Fulmer Rejects Offer to Become Even Richer
Rather than becoming the recipient of one of college football’s largest buyouts in history ($6 million) and also continuing to receive salary from the University of Tennessee, Phillip Fulmer declined the $37,5oo contract that would have made him an assistant to UT President John Peterson through February 2009.
The fact that the university even offered him this position in the first place is ridiculous. Our school is currently under a campus wide hiring-freeze. Students like myself are having trouble graduating because upper-level classes are getting scratched to help cut costs. Even our library no longer stays open 24 hours (very inconvenient for those of us who procrastinate). And with all this occuring, Phil Fulmer deserves a job so that he won’t lose retirement and insurance benefits? Um, no.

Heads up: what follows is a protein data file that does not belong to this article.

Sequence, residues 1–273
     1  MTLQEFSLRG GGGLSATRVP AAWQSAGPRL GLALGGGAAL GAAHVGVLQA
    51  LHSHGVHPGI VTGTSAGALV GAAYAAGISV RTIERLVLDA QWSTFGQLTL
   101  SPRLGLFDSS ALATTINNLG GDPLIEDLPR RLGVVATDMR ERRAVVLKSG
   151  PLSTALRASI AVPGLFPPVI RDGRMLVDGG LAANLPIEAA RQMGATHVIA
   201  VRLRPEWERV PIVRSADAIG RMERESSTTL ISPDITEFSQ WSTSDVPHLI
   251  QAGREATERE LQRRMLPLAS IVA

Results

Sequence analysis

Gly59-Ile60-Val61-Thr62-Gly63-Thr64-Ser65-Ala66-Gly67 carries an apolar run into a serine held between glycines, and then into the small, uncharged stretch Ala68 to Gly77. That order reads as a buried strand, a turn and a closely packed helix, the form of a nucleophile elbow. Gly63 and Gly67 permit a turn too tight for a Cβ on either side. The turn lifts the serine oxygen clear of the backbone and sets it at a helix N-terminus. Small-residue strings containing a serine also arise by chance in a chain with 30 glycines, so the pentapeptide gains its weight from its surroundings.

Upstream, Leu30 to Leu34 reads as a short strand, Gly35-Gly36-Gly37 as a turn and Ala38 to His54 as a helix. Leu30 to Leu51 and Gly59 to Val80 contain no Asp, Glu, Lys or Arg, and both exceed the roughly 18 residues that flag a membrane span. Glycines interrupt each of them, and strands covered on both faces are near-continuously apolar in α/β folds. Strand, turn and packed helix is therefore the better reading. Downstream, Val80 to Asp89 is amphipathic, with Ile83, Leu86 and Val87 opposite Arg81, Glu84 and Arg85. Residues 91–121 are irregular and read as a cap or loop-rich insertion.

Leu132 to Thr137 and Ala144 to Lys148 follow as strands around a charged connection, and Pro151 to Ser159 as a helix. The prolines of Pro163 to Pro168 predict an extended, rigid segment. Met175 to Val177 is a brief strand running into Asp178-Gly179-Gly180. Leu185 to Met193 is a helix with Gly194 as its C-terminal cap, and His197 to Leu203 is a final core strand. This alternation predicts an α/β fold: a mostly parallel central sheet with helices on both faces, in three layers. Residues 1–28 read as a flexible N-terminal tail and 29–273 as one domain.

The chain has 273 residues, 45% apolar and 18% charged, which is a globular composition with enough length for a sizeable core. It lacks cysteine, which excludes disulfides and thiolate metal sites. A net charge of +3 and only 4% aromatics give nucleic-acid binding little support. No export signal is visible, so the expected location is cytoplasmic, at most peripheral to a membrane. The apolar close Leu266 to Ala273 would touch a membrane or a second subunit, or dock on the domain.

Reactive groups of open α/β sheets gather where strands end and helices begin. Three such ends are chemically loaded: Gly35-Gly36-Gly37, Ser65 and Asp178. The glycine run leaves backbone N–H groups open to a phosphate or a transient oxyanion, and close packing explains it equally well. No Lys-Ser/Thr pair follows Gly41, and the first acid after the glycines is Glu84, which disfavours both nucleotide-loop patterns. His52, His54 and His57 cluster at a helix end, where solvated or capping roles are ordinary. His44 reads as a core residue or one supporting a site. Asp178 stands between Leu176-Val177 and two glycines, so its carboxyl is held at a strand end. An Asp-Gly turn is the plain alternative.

Yes, I understand that Fulmer’s salary for those three months was coming from donors, and wasn’t being taken out of the same pool of money that is costing teachers their jobs and students their classes and their library, but the image it would have portrayed would have been unacceptable.
So, Phillip Fulmer did what he told us he would do when he resigned as head coach: what’s best for the university. That’s why Fulmer rejected this offer, and will instead stay on as an “alumni volunteer.” I commend him for his understanding of what is best for the school, and acting accordingly.
Not only that, but does the $6 million dollar man really need to worry about three months worth of insurance and retirement benefits? The man’s going to be making $125,000 a month for the next four years, whether he’s coaching somwhere else, helping us maintain relationships with key donors, or just sitting on the couch growing his belly. I think he can handle his own insurance. Invest that money, and your retirement is covered as well. The crisis has been averted.
Today Coach Fulmer (he will always be Coach Fulmer to me, regardless of what he does or where he goes) showed why he became such a beloved and iconic figure of the University of Tennessee. The man loves this university, and I give the George Foreman guarantee that he will always bleed orange.